What is Lynch Syndrome?
Lynch Syndrome is the most common type of hereditary colorectal and uterine cancer syndrome. Although Lynch Syndrome is primarily associated with colorectal and uterine cancers, it has also been associated with an increased risk of ovarian cancer and cancers of the stomach, small intestine, urinary tract, hepatobiliary tract, skin, and brain. Individuals with Lynch Syndrome tend to develop cancers earlier in life. It is estimated that the prevalence of Lynch Syndrome is approximately 1/370.
There are four major genes involved in the development of Lynch Syndrome: MLH1, MSH2, MSH6, and PMS2. Recently, a new gene—EPCAM—was discovered to cause Lynch Syndrome. An inherited mutation in one of these mismatch repair genes means that the body is not able to properly repair DNA. Put simply, the Mismatch Repair genes normally help prevent cancer—which is why Lynch Syndrome is associated with a higher risk of some cancers.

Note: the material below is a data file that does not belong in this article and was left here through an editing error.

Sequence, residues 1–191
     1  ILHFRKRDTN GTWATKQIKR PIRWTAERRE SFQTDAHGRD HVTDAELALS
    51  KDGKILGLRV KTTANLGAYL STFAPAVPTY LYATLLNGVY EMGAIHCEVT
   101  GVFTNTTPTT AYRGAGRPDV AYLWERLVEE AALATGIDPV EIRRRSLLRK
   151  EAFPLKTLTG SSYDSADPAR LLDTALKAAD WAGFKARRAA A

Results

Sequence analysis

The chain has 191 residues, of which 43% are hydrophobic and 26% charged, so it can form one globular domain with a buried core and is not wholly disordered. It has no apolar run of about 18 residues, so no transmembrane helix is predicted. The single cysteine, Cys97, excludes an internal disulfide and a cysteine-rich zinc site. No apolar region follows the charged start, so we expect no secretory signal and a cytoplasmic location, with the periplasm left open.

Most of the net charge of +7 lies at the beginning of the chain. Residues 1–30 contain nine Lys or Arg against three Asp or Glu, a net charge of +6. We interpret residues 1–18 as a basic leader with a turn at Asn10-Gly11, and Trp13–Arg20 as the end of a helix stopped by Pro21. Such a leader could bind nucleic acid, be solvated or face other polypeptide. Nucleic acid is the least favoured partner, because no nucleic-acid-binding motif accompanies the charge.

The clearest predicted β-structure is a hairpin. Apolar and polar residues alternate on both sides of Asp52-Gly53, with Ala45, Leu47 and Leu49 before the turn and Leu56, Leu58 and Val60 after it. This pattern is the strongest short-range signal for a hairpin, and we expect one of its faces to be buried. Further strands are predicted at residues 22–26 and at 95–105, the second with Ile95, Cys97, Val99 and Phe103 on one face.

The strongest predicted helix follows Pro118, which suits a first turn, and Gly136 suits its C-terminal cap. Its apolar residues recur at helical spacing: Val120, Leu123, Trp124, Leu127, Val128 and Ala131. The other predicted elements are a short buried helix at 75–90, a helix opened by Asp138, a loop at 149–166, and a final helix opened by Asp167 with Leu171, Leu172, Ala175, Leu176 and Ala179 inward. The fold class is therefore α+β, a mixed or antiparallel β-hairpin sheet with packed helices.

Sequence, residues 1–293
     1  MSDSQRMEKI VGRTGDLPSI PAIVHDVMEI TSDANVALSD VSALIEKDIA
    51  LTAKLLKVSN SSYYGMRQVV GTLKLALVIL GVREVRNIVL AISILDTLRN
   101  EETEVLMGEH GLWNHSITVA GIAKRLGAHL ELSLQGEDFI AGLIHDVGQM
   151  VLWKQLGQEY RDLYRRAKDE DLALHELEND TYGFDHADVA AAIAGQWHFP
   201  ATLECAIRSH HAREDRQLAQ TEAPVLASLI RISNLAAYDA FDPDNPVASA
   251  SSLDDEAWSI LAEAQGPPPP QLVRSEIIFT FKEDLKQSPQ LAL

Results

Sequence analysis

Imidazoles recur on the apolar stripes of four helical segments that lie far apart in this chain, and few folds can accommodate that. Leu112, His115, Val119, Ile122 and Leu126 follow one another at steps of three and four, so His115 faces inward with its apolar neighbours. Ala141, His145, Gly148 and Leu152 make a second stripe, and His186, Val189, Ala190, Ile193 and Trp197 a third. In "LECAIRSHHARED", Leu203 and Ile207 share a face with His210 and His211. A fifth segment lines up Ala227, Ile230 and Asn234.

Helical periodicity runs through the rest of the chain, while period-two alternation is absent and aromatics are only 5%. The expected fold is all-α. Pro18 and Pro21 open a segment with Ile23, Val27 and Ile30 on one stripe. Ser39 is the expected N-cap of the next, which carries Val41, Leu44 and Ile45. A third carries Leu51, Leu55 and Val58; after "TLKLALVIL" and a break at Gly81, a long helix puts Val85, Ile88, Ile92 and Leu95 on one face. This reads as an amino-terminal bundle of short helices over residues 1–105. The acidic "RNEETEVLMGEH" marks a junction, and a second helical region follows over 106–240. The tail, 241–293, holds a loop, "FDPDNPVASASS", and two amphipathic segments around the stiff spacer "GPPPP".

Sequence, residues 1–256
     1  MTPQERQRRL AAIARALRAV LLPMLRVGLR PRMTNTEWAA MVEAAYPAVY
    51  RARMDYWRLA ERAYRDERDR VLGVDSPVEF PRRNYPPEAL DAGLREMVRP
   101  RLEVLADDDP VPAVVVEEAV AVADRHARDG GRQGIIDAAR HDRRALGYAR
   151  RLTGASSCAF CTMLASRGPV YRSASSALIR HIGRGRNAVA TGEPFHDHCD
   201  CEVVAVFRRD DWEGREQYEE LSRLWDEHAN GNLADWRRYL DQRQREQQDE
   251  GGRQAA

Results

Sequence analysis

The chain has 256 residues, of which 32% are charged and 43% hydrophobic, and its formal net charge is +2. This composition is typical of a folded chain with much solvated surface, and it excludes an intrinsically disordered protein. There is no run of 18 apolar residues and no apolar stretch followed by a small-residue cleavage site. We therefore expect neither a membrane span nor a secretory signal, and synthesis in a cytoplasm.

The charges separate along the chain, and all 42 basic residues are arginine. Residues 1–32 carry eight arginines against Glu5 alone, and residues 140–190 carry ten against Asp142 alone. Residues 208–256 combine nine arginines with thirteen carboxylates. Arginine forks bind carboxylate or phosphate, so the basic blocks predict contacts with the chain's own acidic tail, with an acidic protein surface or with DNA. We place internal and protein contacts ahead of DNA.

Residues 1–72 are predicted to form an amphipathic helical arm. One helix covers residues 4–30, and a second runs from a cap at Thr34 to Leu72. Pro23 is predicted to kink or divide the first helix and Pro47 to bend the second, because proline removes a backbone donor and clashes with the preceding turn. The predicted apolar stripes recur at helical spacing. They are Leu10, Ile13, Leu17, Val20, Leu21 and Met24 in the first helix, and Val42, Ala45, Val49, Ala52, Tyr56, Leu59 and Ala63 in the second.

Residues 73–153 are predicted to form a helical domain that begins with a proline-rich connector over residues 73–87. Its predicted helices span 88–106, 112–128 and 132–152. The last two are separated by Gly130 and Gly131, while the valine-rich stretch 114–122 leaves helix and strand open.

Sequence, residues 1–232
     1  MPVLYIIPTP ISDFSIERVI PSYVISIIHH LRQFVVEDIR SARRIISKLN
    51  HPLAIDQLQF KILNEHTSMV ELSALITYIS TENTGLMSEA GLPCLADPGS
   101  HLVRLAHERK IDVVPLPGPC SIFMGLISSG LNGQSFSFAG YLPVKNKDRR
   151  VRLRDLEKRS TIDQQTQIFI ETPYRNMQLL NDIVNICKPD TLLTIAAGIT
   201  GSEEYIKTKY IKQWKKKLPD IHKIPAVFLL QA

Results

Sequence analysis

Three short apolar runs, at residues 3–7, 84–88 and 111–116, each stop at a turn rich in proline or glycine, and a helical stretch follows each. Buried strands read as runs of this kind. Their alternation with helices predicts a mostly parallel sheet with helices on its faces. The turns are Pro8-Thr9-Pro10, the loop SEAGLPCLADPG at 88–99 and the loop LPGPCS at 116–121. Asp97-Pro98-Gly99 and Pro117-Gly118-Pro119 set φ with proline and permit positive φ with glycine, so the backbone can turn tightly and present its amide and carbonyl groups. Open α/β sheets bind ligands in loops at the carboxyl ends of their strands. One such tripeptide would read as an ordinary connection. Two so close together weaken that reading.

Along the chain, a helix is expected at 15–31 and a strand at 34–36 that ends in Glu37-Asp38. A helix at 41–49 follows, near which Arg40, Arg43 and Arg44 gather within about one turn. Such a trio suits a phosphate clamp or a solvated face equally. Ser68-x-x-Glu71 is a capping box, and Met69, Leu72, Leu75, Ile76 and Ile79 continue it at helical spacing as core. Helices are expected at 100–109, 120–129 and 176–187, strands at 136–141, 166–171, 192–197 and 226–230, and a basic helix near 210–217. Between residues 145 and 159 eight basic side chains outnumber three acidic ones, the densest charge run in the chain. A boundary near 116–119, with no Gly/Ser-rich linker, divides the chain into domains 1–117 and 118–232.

There is a 50 percent chance that a person with Lynch Syndrome will pass the mutation on to their children. Lynch Syndrome does not skip generations and it affects males and females equally.
Cancer Risk and Lynch Syndrome
Lynch Syndrome is not a guarantee of developing cancer, but it does increase a person’s lifetime risk. Below are the lifetime risks associated with Lynch Syndromes. These risks can vary depending on which of the mismatch repair genes runs in your family.
- Colorectal Cancer: up to an 80% lifetime risk with an average age at diagnosis at about 45 years.
- Uterine Cancer: up to a 40-60% lifetime risk
- Ovarian Cancer: up to 24% lifetime risk • Small intestine: up to a 6% lifetime risk
- Urinary tract: up to a 7% lifetime risk
- Hepatobiliary tract: up to a 4% lifetime risk
- Pancreas cancer: up to a 6% lifetime risk
- Skin cancer: up to a 9% lifetime risk
- Brain Tumors: up to a 3% lifetime risk
Lynch Syndrome Cancer Risks based upon NCCN Guidelines Version 1.2014